- The film's opening shot, a remarkably complicated Oner for the time.
- For Southerners who are tired of being reminded that they supported slavery, "Molasses to Rum" serves as a satisfying reminder that the North wasn't blameless in the matter either.
- Abigail Adams, while struggling to keep a failing farm solvent, caring for sick children, and facing the very real prospect that the war could arrive on her doorstep, nevertheless rallies the Massachusetts Bay-area women together to make saltpeter. The kegs arrive at John's feet wrapped in bows, just when he was beginning to lose faith in himself and his cause.
- "Is Anybody There?" for Adams.
- Made doubly awesome because the lines about fireworks and parades and all are accurate to his letters - he knew exactly how the US would celebrate on July 4th every year (although he predicted July 2nd).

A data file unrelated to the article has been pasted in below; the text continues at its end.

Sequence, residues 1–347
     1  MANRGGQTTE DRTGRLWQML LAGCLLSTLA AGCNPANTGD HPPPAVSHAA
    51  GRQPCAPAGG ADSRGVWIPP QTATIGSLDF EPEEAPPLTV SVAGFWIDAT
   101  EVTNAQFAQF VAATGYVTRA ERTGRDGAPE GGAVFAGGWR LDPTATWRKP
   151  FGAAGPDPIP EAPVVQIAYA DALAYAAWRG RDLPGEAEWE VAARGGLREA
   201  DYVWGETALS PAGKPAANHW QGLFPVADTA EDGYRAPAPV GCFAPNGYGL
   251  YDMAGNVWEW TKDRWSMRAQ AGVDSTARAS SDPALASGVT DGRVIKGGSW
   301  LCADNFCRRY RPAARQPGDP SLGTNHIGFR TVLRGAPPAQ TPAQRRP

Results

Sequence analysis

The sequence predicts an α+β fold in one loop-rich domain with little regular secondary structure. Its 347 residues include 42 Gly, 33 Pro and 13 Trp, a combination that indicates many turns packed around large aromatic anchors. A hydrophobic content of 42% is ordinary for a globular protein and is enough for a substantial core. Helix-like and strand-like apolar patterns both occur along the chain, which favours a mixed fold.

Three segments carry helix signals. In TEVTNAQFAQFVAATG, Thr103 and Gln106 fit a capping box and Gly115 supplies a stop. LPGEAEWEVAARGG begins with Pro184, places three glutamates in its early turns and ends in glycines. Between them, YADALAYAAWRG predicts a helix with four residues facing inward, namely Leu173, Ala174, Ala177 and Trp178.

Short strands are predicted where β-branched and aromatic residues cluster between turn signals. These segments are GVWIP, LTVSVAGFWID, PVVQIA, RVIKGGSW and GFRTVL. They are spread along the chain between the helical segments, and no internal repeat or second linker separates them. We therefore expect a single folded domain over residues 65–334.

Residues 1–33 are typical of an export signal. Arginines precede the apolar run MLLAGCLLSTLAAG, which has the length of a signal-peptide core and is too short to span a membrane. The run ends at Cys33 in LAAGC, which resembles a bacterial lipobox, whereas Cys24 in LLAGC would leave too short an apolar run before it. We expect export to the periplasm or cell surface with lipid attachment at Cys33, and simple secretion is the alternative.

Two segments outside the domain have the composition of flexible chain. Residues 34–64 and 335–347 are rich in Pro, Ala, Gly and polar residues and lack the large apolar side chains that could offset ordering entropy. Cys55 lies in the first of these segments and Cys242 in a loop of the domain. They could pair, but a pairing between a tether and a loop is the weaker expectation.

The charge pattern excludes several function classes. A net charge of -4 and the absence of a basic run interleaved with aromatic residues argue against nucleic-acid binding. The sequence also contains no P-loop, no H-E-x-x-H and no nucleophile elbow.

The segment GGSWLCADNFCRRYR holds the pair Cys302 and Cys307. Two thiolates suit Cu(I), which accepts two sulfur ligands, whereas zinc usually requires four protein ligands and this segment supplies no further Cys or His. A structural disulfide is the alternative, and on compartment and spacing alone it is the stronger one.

- Dr Lyman Hall:
Hall: In trying to resolve my dilemma I remembered something I'd once read, that '...a representative owes the People not only his industry, but his judgment, and he betrays them if he sacrifices it to their opinion.' It was written by Edmund Burke, a member of the British Parliament. [Hall moves Georgia's vote into the Yea column]
- Dickinson sticking by his beliefs and voting against the Declaration, then leaving Congress and joining the Army rather than signing a document he can't believe in. Now that is "courage of conviction".